LeBron James outscored the Milwaukee Bucks in the first quarter, but Brandon Jennings and company turned the tide in the second half to knock off the Miami Heat 105-97.
So much went right for LeBron James and the Miami Heat in the first half of Wednesday's game against the Milwaukee Bucks that any outcome other than a comfortable road win seemed impossible. King James outscored the entire Bucks roster 24-23 in the first period, the most points by any player in any single quarter this season, as the Heat jumped out to a 13-point halftime lead. Then Brandon Jennings put on a three-point shooting clinic -- hitting 5 of his 7 triples after the intermission on his way to 31 points, 8 assists and 0 turnovers -- and the Bucks completely turned the tables by outscoring the Heat by 21 points in the second half to earn an emotional 105-97 win at the Bradley Center.
Even in the loss, LeBron's first quarter performance deserves proper recognition. In his first 12 minutes, James accounted for 31 of Miami's first 42 points -- 24 points on 8-9 shooting to go with seven points off of three assists -- and amassed more value in a single quarter than most other players managed over the course of the game. Everything signaled that the Heat planned on mounting a resounding response to their 91-82 loss to the Bucks in Miami back on January 22. Milwaukee looked more pesky than dangerous during the first half, as they desperately tried to stay upright while absorbing the devastating body blows from the red-hot starting lineup of the Heat, who scored 55 of Miami's first 60 points and did so on a collective 68.9 percent shooting.
Suddenly the jump shots just stopped falling, and when the Bucks started to make their shots (52.2 percent shooting in the second half and 7-11 on threes) it stymied the vaunted transition game Miami can usually fall back on for instant offense. Luc Mbah a Moute spread his defensive efforts across the Big 3 spectrum all night, and head coach Scott Skiles coaxed excellent defensive rotations out of his team as they limited Miami to just 12 points in the paint in the second half. Everything that looked so wrong in the first half started to take on a different tone when the shooting percentages moved off their first quarter marks.
Jennings willed the huge reversal of fortune to fruition by what seemed like sheer force of personality at times. Feeding off the larger and more-engaged-than-normal home crowd, the speedy point guard looked like he was always plotting the path to his next made three-pointer. As he continued to rain down triples on a stunned Heat team, his confidence infected his teammates and everyone else in the Bradley Center not wearing a black jersey. Maybe 20 second half points and seven more assists against one of the NBA's elite teams has a way of evoking that type of response on its own, but the genuine bravado of Young Buck undoubtedly influenced anyone with an eye on the game Wednesday night. Everything alluring about Jennings was on full display in the 105-97 win, that's for sure.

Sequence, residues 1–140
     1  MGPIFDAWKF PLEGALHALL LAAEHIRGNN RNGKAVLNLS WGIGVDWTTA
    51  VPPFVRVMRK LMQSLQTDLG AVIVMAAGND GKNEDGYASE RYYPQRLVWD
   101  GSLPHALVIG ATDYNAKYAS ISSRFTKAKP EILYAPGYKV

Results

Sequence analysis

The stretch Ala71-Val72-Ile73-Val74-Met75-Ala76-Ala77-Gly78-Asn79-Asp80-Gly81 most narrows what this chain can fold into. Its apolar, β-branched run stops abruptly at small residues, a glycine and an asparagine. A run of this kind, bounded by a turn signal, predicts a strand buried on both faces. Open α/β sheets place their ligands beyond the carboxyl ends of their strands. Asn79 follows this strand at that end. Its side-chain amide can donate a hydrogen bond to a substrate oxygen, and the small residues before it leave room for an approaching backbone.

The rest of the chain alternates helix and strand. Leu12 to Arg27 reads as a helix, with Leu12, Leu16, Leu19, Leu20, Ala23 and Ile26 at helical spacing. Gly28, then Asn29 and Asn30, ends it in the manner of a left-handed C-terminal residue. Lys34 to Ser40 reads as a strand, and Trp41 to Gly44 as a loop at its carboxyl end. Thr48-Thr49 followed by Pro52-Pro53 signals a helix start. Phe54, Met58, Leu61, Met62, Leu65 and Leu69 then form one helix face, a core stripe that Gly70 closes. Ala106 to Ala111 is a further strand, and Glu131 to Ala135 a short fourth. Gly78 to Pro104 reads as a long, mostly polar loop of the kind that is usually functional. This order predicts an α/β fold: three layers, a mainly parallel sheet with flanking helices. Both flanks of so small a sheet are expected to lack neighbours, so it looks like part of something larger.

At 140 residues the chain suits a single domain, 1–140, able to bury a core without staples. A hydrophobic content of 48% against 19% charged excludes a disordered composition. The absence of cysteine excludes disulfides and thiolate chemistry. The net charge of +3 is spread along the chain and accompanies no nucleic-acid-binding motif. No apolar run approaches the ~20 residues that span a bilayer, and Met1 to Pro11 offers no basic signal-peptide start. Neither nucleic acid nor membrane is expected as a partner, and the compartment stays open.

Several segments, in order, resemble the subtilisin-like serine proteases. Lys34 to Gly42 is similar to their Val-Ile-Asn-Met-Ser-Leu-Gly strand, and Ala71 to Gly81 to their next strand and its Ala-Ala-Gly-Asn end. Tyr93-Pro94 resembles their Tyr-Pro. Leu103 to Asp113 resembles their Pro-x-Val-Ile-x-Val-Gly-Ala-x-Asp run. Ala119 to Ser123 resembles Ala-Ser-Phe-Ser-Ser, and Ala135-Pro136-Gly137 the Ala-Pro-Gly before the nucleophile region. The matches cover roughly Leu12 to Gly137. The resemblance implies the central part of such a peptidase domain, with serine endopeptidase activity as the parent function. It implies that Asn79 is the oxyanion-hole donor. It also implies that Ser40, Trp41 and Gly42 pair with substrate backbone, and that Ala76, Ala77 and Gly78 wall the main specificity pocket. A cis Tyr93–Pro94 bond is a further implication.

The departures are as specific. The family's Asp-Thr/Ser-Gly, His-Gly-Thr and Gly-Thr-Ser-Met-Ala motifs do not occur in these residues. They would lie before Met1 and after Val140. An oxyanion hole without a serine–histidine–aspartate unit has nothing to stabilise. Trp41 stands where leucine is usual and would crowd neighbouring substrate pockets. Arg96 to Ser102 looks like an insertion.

As for Miami, all of their flaws and shortcomings emerged in the second half. LeBron, Chris Bosh, Dwyane Wade and Mario Chalmers combined for 88 of the of the 97 points scored, but that lack of quality depth hurt the Heat when the Bucks made their run. Erik Spoelstra had nobody else he could turn to when the jumpers stopped falling and the transition opportunities dwindled, so the headline players just started to force up shots. James still finished with a game-high 40 points, but he slowed his scoring pace considerably after the first quarter, while Wade added 23 points and Bosh contributed just nine points. When required to alter the formula that served them so well in the first half, the Heat couldn't quite find the right balance to make it all work.
While Miami's top-heavy collection tipped fatally off its axis, the well-balanced (albeit less talented) unit in Milwaukee managed to find their equilibrium at the right time. Beyond Jennings' explosive perimeter attack, the Bucks tapped role players like Mike Dunleavy (10 points, 5 assists), Drew Gooden (17 points, 9 rebounds, 5 assists) and Luc Richard Mbah a Moute (13 points, 8 rebounds) for meaningful contributions. Unselfish play and crisp ball movement played a central role on a Bucks offense that dished out 30 assists on 39 made baskets. For the second time this season, the hodgepodge style of the Bucks frustrated the Heat.
The Bucks are now winners of six of their last eight games and move to 10-11 overall with the win. Meanwhile, the Heat fall to 16-6, and their only two losses in the last ten games have both come against Milwaukee. The victory clinches the head-to-head season series for Milwaukee, while the third and final regular season matchup will take place at the Bradley Center on February 13.
Note: In the first quarter, LeBron James recorded his 4,500th career assist. He became just the 17th player in NBA history to reach 17,000+ points, 4,500+ rebounds and 4,500+ assists over a career, and he joined Kevin Garnett and Kobe Bryant as the only active players to reach those levels. It is a special achievement, but everyone knows LeBron is nowhere near finished when it comes to rewriting the NBA record books.